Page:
Hostile Witness Part 59

"A pistol?"

"A Chinese MAK-90 a.s.sault rifle modified for fully automatic performance."

"You're a deer hunter, I suppose?"

"You'd be surprised how fast those suckers can run."

"And still, with all these problems, you are walking around, eating cheese steaks, grabbing a beer at the corner tavern?"

"The prison cap."

"Such a wonderful thing for nice young men like yourself. You're right, Michael, you do have a problem. So what are you doing here?"

"I need a lawyer."

"Yes, you do, Michael. But I haven't been so successful on the criminal side. I'm sticking to civil law from now on."

"What, you're not going to take my case?"

"That's right. Now, after you get out of jail, if you want to sue the friend who lent you the stolen car with the automatic rifle inside, give me a call and I'll see what I can do."

"But I was sent."

"You were sent?"

"Yeah. I was sent. The man told me to come here and that you should become my lawyer."

"The man sent you. What man?"

"The big guy."

"I'm supposed to guess, is that it, Michael? This man who sent you, he was big as in tall or as in fat?"

"Now I know you're putting me on. Mr. Raffaello sent me, said you would take care of me, said you owed him a favor."

"Oh," I said slowly. "That man."

"He told me to give you this." He reached into his brown leather bomber jacket and pulled out a stack of bills, green and dirty, bound with a rubber band. He tossed the stack onto my desk. I didn't reach for it.

"What's that, Michael?"

"Ten thou. He told me to give it to you, like an up-front fee."

"My retainer?"

"Yeah. That's it. Your retainer."

I knew it would come, I just didn't know when or what. I thought maybe I'd get a call in the middle of the night, a soft voice telling me to show up at some deserted corner in South Philly for my instructions. I had already decided I wouldn't kill anybody for him, but I had also decided that I would do anything short of that. The surrept.i.tious delivery, the stashing of stolen goods, the hiding of a fugitive until the heat died down. I owed Enrico Raffaello, yes I did, and even though it hadn't turned out well for me it was a debt I would have to repay. I was almost disappointed that repaying my debt would be so pedestrian - represent Michael Tombelli and I was off the hook.

"Hey," said Michael. "You're the guy shot by the wacko they stuck in that loony bin up there in Haverford."

"That's right," I said.

He leaned forward. "What did it feel like, getting shot and all?"

"I figure you'll find out for yourself someday, Michael."

"Not me. I'm too smart for any of that. But my buddy Peter Cressi, he plays it so far to the edge you never know. You know Peter?"

"I haven't had the pleasure."

"He's coming in too, today or tomorrow. Nothing serious, just a DUI. But he'll be back. He's the guy what they should put up in the loony bin."

"Tell me something, Michael," I said. "Am I on a list of some sort now? Are your friends going to keep coming in to see me?"

"You bet, Mr. Carl. The word's out that you're the guy when we have our little problems." His smile again. "You're going to be busier'n s.h.i.t."

"Now I understand," I said, and I did. No more worrying about my future, it was set in Carrara marble. "All right. Michael, here's the word, and you should tell it to your friend Peter and anyone else who is going to come visiting. The law says I can't accept any money that is the fruit of an illegal transaction, so any money you give me has to be clean. You understand what I just said?"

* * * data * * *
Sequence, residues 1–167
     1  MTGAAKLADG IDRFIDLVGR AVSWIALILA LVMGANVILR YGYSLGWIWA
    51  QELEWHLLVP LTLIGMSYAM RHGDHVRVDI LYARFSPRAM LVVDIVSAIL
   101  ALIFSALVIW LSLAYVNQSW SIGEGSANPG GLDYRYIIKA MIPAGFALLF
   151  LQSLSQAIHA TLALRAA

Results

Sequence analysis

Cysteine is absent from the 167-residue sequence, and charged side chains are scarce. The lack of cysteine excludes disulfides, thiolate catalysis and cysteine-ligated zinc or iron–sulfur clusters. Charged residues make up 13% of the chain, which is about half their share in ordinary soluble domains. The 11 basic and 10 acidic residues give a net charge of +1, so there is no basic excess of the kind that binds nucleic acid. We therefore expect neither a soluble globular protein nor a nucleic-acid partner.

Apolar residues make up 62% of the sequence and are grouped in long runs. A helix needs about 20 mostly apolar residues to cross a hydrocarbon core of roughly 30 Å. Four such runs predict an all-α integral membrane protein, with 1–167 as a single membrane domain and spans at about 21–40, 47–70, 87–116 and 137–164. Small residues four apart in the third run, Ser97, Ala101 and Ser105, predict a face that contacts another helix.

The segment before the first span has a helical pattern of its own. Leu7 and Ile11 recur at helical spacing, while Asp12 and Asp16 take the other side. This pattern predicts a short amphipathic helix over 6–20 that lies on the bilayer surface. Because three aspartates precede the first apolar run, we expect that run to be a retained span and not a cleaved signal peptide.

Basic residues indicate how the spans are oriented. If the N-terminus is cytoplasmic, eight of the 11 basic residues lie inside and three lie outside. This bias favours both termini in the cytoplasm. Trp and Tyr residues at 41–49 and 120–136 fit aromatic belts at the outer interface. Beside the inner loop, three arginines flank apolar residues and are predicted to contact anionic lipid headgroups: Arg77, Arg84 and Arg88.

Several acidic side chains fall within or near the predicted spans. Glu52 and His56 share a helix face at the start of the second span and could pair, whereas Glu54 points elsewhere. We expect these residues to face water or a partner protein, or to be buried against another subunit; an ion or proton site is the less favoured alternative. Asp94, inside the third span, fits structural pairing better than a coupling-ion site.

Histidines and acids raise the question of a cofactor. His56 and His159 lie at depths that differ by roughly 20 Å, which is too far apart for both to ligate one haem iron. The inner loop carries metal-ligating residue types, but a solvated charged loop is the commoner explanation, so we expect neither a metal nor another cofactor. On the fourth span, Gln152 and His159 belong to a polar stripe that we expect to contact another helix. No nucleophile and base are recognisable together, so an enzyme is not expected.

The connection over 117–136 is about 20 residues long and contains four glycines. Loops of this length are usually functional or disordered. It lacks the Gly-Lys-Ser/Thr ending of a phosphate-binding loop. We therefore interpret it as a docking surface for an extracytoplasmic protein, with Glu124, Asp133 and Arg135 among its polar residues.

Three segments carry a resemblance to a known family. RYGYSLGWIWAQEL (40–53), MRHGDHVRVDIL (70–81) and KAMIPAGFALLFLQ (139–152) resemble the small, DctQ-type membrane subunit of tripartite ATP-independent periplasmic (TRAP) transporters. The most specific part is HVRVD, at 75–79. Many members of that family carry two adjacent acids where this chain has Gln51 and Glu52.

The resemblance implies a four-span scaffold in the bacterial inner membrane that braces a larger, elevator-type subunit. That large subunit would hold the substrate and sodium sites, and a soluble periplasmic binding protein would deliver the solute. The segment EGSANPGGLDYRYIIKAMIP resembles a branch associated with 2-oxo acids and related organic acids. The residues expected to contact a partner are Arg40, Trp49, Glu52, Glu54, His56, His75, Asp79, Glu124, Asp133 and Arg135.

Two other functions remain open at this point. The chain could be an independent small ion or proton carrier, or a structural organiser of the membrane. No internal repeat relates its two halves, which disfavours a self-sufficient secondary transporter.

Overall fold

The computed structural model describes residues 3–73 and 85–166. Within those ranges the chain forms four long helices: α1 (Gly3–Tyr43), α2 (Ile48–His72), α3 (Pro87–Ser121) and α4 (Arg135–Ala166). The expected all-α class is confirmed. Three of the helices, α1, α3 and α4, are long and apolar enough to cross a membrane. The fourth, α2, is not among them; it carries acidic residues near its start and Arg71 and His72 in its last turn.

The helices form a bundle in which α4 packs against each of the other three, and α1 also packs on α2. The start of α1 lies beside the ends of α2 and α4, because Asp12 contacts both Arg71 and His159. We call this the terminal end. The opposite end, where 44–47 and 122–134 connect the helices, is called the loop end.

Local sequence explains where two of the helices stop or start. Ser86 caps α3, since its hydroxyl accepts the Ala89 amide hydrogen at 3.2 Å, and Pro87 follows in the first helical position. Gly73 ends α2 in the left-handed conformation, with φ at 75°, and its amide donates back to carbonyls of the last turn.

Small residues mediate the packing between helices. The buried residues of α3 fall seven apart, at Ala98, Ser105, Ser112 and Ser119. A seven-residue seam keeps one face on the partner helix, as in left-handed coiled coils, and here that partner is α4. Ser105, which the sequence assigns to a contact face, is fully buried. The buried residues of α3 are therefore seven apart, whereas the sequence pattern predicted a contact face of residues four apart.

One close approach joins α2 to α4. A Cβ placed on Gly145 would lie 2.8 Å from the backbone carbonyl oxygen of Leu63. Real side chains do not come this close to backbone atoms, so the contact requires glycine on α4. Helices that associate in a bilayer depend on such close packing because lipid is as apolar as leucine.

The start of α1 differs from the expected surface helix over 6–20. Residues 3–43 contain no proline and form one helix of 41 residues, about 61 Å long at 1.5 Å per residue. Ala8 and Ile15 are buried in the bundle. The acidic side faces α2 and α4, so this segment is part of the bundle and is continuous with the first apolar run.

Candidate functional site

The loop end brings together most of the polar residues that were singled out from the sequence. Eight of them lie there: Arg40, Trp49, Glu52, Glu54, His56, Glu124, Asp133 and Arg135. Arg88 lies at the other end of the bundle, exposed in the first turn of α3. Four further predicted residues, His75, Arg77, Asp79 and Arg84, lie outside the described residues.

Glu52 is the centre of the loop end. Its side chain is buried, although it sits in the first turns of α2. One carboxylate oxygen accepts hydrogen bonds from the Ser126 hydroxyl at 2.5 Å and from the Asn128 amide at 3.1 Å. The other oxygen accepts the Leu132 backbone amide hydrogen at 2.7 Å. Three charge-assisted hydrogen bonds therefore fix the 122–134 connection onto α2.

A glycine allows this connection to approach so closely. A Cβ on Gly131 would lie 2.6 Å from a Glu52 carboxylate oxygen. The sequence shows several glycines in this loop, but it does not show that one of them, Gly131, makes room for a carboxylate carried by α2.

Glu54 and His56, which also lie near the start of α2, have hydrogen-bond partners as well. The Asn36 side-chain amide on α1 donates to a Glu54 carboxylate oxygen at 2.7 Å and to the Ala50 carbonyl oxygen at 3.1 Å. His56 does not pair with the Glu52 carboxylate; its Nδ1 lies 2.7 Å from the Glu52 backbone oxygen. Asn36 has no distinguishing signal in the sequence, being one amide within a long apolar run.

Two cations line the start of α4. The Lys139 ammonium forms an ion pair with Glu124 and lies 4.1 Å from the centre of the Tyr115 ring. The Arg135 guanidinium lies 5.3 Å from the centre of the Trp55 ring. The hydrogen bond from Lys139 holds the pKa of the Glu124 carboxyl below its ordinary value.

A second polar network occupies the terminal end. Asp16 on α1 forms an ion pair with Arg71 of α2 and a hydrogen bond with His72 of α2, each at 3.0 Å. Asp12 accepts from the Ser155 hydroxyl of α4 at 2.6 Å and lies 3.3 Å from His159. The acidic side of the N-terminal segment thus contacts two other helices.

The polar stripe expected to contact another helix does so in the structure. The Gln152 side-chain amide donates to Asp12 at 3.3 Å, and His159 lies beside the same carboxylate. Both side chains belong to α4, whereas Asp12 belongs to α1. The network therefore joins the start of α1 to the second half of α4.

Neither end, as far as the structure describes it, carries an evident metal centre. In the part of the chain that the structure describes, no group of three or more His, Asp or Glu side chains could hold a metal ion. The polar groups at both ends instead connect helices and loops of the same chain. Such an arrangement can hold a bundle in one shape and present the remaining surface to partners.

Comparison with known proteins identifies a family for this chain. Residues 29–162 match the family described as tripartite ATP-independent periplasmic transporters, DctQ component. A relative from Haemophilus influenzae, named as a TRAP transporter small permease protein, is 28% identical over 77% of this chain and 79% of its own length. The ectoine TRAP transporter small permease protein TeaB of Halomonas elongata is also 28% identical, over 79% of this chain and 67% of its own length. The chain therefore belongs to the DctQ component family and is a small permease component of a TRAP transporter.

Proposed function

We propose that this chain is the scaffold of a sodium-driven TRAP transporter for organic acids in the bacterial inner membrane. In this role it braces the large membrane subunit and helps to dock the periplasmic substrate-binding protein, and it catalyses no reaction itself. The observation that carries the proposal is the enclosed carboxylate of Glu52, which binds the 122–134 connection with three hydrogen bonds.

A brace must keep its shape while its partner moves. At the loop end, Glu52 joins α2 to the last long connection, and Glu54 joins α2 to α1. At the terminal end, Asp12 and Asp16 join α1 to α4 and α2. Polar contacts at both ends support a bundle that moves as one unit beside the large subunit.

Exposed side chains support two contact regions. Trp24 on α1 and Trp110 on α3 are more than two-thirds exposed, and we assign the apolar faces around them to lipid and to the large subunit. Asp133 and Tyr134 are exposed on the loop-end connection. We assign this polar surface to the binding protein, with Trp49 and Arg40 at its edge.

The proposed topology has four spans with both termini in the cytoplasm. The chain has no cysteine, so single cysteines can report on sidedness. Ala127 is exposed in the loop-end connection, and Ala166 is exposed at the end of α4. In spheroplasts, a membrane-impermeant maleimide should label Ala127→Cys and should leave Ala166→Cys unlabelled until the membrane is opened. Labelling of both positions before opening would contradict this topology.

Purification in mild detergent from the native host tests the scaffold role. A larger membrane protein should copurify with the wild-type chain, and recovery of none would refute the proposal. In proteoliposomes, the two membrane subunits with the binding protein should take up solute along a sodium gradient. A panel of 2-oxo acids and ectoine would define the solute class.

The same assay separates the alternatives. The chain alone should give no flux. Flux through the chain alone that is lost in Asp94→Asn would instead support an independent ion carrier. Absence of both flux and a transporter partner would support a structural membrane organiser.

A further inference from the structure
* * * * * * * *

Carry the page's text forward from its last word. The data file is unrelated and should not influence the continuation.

He scrunched up his eyes and rubbed the back of his hand across his nose and then said, "Sure, yeah."

"Is this money from a drug transaction?" I asked.

"Hey, wait, what do you take me for?"

"Is this money stolen?"

"Get out of here. Rest a.s.sured, Mr. Carl, I work hard for my money."

"Knowing the law as well as you do, can I, in good conscience, take this money, Michael?"

"Trust me, Mr. Carl," he said with his broad smile.

I looked at him very carefully, weighed everything, and then I took hold of the bundle of bills and placed it in my desk drawer. "Wait just a second," I said as I reached into my drawer for some letterhead, "while I write up a receipt."

"Receipt?" he said, as if he had never heard of the word before. "What's with the receipt? I paid you cash."

"Lawyers who don't give receipts for cash sometimes have the peculiar problem of forgetting to report the payments to the IRS."

"Yeah, isn't that funny," said Michael Tombelli. "That's what happened to my last lawyer. He just got four years."

"First I'll write out your receipt, Michael," I said, "and then we'll discuss what to tell the District Attorney."

So that was that. I had once aspired to walk among the paneled corridors of wealth and power with the elite names of the legal world. I had wanted to shed my past and my heritage as a snake sheds its skin and ascend to Olympian heights. Now I would skulk around the City Hall courtrooms, representing baby mobsters and other lowlifes as they tried to minimize their jail time for their petty and not-so-petty crimes, socking away my retainers and advising my dear clients how to stay just to the right side of that narrow and shifting line. I knew what life was like for a lawyer who represented the members of the mob. It was no different than for a lawyer like Tony Baloney, who spent his life defending drug dealing sc.u.m. He was scorned by his fellow pract.i.tioners, excluded from the finer firms, from the prestigious clubs, from the sober-minded committees of the bar a.s.sociation. Aspersions were cast as to his integrity, his veracity, his fitness to stand before the bar. He was investigated relentlessly by the District Attorney, he was hunted like wild game by federal authorities, his taxes were audited each and every year. He became a pariah.

I had found my calling.


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